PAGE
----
LWB Community Blog

Changing Attitudes

Yesterday we discussed that the orphanage populations in China have shifted dramatically in the last decade. The reasons for this are many, but today I would like to talk about the changing attitudes of the younger generation of adults.

When most Western people think of China in the past, they think of a fairly closed society, where traditional thinking had been passed down generation after generation, especially in rural areas. And of course, part of the traditional thinking was that girls were second class, often deemed “worthless,” as many families felt they needed sons to work the farm and take care of them in their old age. Most of us interested in China have read books which described daughters whose births were never acknowledged or who were never even named. The historical “why” of female infant abandonment has been covered in depth by many researchers and authors.

In the last decade, however, vast changes have happened in the middle kingdom. Just ten years ago, almost 80% of people in China still lived in the rural countryside. Now for the first time ever, more than half of China’s population live in cities, and that number is growing all the time. (See sources 1, 2).  Urban living and access to factory jobs mean that females have many more opportunities to make a real financial contribution to their households.

Image credit:  AFP/Getty images from ABC News

The rapid expansion of cell phone and internet use in China have also contributed to a change in ancient attitudes. Even in impoverished areas where families don’t have indoor plumbing or any type of heat, smart phones (and thus internet use) are becoming common. The last few years have seen an explosion in social media sites like Weibo and QQ. Weibo, which is a cross between Facebook and Twitter, now has some 400 million registered users. With this 24/7 access to new ideas and online discussions, the age old belief that girls are worthless is eroding in major ways.

No discussion on the lower numbers of abandoned girls would be complete without mentioning the sad reality of ultrasound and abortion.  (See sources 3, 4.  The wide availability and low cost of ultrasounds now allow couples to know in advance if they are having a daughter.  China has formally outlawed the practice of sex selection abortion, and officials have taken many steps to crackdown on this practice, but it does still occur.  For a determined birth mother or couple who absolutely did not wish to have a daughter, abandonment is not the only option.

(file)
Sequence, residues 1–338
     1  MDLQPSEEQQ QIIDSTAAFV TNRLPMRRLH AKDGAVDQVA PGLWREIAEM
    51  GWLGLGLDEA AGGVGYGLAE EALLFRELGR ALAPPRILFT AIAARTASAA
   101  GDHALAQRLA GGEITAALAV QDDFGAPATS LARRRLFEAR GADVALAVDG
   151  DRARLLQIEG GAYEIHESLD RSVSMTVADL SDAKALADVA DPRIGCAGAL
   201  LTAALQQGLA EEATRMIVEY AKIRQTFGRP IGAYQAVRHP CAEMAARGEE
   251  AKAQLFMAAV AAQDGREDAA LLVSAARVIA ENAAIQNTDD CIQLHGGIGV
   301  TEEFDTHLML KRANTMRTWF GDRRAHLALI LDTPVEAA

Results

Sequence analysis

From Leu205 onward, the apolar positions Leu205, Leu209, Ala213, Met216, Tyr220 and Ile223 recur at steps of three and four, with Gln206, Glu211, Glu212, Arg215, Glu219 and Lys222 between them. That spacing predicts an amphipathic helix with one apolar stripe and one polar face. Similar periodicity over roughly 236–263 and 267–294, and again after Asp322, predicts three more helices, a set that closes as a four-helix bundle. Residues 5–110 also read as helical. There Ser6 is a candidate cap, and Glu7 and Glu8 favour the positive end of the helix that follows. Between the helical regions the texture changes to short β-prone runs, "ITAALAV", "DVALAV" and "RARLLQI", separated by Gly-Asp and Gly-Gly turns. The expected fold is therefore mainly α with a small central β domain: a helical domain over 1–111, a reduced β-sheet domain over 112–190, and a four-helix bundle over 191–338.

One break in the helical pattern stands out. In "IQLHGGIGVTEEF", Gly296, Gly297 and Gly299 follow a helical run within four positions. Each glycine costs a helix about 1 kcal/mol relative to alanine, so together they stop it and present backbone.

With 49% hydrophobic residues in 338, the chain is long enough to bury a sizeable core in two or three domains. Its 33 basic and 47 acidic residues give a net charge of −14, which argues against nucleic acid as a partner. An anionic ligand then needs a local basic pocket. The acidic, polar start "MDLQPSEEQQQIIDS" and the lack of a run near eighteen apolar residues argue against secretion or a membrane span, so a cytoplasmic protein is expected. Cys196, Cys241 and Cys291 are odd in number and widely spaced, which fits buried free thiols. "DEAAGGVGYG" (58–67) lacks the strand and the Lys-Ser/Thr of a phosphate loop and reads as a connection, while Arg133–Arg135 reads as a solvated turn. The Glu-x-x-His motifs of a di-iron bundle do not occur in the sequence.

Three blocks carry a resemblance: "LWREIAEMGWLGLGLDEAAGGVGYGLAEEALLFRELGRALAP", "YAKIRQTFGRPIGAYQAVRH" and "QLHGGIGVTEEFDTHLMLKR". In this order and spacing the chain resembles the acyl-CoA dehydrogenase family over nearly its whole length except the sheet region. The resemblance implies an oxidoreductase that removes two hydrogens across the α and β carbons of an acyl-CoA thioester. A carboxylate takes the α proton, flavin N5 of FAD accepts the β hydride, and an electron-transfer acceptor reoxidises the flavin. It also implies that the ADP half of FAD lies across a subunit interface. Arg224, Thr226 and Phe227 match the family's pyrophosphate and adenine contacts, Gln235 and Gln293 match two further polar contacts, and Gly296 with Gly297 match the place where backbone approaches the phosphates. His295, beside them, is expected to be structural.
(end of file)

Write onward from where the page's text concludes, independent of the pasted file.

While there is still a long way to go before we see gender balance in China, opinions towards daughters are definitely changing.  Many of the young adults I know there now tell me they hope their one child will be a girl.  There are many high profile people in China, like Yao Ming, whose online images of having a beloved daughter can be seen from one end of China to the other.  The important takeaway here is that the number of healthy baby girls being abandoned and entering government orphanage care has declined.

~Amy Eldridge, Chief Executive Officer

Tomorrow:  The Adoption of Boys


1)  http://articles.cnn.com/2012-01-17/asia/world_asia_china-urban-population-duplicate-2_1_hukou-urban-population-rural-migrants?_s=PM:ASIA

2)  http://www.reuters.com/article/2012/01/17/us-china-population-idUSTRE80G0DB20120117

3)  http://www.sciencedaily.com/releases/2011/03/110314132244.htm

4)  http://news.xinhuanet.com/english2010/china/2011-08/08/c_131036407.htm

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  • Andrea says:

    When we went to China last year to adopt our two, our guide told us that another reason attitude is changing towards girls is because girls are “cheaper to maintain”. Haha. Even though it sounds funny, he said that it makes sense. He was 35 and still lived at home with his parents. In order for him to marry and move out he would have to be able to afford his own place, or live with his parents. Faced with that aspect, many couples are deciding to raise girls because the male’s family supposedly pays for the wedding and housing. I thought was interesting.